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B - Orthopaedic Sports Medicine Surgeon and Founder, Therapia
Posted on May 22, 2019


Physiotherapy after hip arthroscopy for femoroacetabular impingement (FAI or hip impingement) is something that many patients and physiotherapists do not have familiarity with. If you are undergoing this procedure, here are several pearls that will help you progress smoothly and achieve your rehab milestones while also minimizing the risks of any flare-ups or complications.

  1. In the first 2 weeks, the main goal is to protect the hip joint and avoid irritation. In particular, it’s important to avoid hip flexor tendonitis, muscular irritation, and anterior capsular pain/pinching. A few tactics to do so include:
    1. Assisting the operative leg by a family member or using the nonoperative limb, avoiding sitting for more than 30 minutes and lying prone for 2-3 hours a day.
    2. Avoiding hip flexion more than 90 degrees, internal/external rotation more than 20 degrees, and preventing more than zero degrees prone hip extension for the first 3 weeks
    3. Riding a stationary bike with a high seat and low resistance can be started in the first week for 20 min/day.
    4. Performing Isometric exercises involving quad sets, gluteal sets, and supine transverse abdominis activation on the first postoperative day
    5. Avoid pushing through pain.
  2. Crutches should be used for protected weight bearing for 4-6 weeks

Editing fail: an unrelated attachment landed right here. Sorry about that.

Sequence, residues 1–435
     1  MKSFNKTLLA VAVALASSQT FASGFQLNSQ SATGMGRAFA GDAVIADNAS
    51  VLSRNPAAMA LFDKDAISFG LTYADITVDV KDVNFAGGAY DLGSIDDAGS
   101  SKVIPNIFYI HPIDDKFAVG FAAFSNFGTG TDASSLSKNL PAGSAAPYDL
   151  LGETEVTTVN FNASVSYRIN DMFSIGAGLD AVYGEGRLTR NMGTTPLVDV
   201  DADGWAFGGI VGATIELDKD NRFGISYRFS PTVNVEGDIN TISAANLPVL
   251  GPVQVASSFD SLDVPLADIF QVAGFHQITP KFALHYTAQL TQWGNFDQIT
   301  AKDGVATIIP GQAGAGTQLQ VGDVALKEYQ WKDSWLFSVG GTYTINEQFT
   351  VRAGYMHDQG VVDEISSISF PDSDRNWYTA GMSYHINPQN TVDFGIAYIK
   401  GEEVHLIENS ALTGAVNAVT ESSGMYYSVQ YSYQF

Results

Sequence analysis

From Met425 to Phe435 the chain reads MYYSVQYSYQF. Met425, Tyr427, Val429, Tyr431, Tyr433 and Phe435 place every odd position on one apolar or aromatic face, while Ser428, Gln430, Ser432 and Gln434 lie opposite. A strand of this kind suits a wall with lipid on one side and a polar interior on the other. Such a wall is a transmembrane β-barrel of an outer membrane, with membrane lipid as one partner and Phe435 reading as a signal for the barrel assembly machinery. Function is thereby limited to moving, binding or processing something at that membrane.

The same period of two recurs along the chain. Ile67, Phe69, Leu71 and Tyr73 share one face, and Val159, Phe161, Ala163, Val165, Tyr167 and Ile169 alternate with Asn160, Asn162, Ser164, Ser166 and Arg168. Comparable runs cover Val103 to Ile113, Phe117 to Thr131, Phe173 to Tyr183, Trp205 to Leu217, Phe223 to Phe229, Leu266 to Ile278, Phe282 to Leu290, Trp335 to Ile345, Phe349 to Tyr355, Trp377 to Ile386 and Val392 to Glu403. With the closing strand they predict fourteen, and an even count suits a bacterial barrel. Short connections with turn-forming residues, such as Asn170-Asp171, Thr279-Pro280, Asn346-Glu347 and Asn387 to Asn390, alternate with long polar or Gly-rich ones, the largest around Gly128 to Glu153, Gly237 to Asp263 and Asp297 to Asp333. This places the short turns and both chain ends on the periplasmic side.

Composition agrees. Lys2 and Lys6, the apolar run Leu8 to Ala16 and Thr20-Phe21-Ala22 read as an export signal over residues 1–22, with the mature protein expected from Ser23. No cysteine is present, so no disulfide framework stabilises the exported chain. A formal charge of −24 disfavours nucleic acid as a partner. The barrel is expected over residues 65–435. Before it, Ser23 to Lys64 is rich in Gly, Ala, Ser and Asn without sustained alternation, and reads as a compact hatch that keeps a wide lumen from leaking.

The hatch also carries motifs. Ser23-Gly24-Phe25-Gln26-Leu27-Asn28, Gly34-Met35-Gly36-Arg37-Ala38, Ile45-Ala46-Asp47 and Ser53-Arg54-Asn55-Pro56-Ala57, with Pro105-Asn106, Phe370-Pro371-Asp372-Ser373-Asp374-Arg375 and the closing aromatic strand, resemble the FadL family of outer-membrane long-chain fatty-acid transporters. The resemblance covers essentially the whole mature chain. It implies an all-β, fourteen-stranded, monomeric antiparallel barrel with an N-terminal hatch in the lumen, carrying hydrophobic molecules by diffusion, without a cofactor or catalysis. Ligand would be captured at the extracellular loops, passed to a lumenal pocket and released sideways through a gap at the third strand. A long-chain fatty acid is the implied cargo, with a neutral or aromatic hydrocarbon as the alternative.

3. From weeks 2-9, the main goal is to develop a normal gait pattern (i.e. non-compensatory gait and progression)
    1. In order to do this, it is important to get normal hip motion, particularly in hip extension
    2. Without normal hip extension, it will be difficult to get a normal gait
    3. In this phase, working on proximal/core (trunk, lumber, pelvic) motor control and stability is also very important to help develop a normal gait
    4. The most challenging part during this timeline is getting off crutches. It is important not to force the timeline. Patients should wean off crutches until they can ambulate without pain using a normal gait pattern
  4. After week 9, assuming the goals of the prior timelines have been met, the aim is to return patients to the pre-injury level
    1. This part of the rehab is more individualized. If patient demands are higher, rehab will take longer.
    2. Closed chain exercise progression in the form of squats, lunges and rotational movements can be initiated.
    3. Treadmill walking often beings around 3 months after surgery and sports specific/functional training can begin
  5. After week 14, the main goal is to return to sports. Introducing exercise for power, skill endurance and agility occurs in this phase. Running is permitted after approximately five months
  6. After six months, patients are usually cleared to go back to full activity

The above phases and timelines are general guidelines. Individual surgeons may have various modifications to the rehab protocol which in turn is determined by the exact operative procedure. Fr example, if a microfracture of the hip is also performed, than protected weight bearing with crutches is often extended to 6 weeks. Furthermore, it is important to look for any flare-ups during the rehab process. If this happens, the key is to shut down activity and rest for at least 24 hours. Another red flag is to progress too quickly in the rehab timelines without achieving a normal gait pattern. This can cause muscular overactivity and subsequent pain and/or inflammation. Pro-actively discussing triggers and aggravating factors with your physiotherapist (e.g. sitting too long, actively lifting the surgical leg too early in the postoperative period, early weight-bearing, sleeping position, etc) will help you stay out of trouble and navigate a smooth recovery process.